- What needs do you need met? Even within your romantic relationships it’s important to know which needs you absolutely have to have fulfilled. Companionship? Support? Affirmation? Financial security? Figure it out! Then, feel free to say no!
- What issues are okay to let go? Choose your battles. Maybe it’s choosing a movie or dinner spot, but minor things are totally fine to “keep the peace” over.
I’ll admit, those steps sound easier than they are, especially if you don’t like conflict. You’ll most likely need extra help becoming more assertive.
No worries, though!
There are tons of free resource like this free course, that will walk you through the basics of assertive communication.
This website is dedicated to coaching you to be more assertive in every aspect of life!
One-on-one help is out there, too. If so, consider hiring a life coach in your area for a few weeks.
If your relationship has gone past the point of no return and you are divorcing, be sure to find an advocate that know your needs and will fight for them!
Wrapping it all up, there is nothing wrong with being accommodating when it’s appropriate. As long as you don’t allow yourself to be a “doormat” it is a perfectly viable solution to keep the peace in your household.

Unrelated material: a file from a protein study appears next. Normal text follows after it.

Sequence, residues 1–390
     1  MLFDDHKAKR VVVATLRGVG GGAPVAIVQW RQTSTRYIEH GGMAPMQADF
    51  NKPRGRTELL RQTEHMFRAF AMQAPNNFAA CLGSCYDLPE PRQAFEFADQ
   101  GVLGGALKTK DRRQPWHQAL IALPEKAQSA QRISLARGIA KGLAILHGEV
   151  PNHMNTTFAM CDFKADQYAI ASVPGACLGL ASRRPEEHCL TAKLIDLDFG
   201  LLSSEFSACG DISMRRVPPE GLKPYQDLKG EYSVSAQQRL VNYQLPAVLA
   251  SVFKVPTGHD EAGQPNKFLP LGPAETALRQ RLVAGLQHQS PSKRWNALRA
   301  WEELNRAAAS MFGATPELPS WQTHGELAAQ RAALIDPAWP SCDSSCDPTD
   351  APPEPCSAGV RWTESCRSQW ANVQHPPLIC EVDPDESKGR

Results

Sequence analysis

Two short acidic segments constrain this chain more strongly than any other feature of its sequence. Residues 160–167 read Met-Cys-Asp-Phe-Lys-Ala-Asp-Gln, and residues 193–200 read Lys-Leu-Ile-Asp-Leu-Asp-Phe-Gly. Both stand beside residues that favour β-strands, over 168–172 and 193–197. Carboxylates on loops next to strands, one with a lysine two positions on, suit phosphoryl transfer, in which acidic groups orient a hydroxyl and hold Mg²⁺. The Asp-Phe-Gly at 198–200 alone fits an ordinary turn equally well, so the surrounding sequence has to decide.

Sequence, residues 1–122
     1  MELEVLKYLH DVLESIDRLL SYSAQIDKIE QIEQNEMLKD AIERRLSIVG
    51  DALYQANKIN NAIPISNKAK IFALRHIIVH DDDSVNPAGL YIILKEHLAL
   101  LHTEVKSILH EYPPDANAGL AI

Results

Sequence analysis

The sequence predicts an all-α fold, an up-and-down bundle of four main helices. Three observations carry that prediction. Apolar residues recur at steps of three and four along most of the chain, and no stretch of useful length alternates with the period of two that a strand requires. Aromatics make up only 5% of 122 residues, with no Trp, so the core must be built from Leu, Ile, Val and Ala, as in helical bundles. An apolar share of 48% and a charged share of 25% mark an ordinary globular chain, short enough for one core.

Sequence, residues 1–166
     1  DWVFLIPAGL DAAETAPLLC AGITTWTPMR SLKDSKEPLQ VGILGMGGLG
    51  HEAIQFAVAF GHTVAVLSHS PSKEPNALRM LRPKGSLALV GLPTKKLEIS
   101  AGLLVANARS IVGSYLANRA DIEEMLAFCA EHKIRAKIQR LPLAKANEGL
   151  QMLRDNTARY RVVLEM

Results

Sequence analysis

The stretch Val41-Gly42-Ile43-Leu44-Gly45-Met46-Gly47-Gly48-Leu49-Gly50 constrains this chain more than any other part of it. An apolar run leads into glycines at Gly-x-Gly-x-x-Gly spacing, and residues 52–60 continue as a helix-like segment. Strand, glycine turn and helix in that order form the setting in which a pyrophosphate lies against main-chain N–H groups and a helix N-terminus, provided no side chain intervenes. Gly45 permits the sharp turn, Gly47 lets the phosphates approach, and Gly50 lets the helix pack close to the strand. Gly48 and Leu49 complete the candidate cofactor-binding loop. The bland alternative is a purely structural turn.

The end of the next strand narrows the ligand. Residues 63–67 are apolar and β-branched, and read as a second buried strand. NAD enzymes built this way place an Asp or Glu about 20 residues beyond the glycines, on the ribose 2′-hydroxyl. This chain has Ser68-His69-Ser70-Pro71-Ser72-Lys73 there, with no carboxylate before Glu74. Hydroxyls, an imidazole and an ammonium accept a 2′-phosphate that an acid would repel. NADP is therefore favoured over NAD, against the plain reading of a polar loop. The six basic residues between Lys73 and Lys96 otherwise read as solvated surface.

If you aren’t an accommodator, consider taking a few notes from them. Remember that not everything has to be your way, especially the minor things!
You will be surprised at what giving a little will get you!
Next week we will visit the opposite side of the scale, Competing conflict styles.
- Conflict Resolution, Part 1: The Full Rundown on Avoidance and Fighting Like a Man Every relationship will experience quarrels. Each has their own way of dealing with confrontation whether or not you realize it. Mediators and therapists have a name for it: Conflict Resolution style. In layman terms, fighting style.…
- Conflict Resolution, Part 3 Competing and Dominant Fighting Styles We’ve been talking about fighting. So far we’ve covered avoiding conflict, and accommodating another person’s needs over your own. Our primary focus has been on improving how you fight for your relationship. For those following along from week one, you know…
- Conflict Resolution, Part 4: Learning the Art of Compromise We’ve covered the extremes in this series. Avoiding conflict, accommodating the other person’s needs and dominating the conflict all have their place but aren’t usually the best route in problem-solving. They result in negative feelings and unresolved issues. Our primary focus has…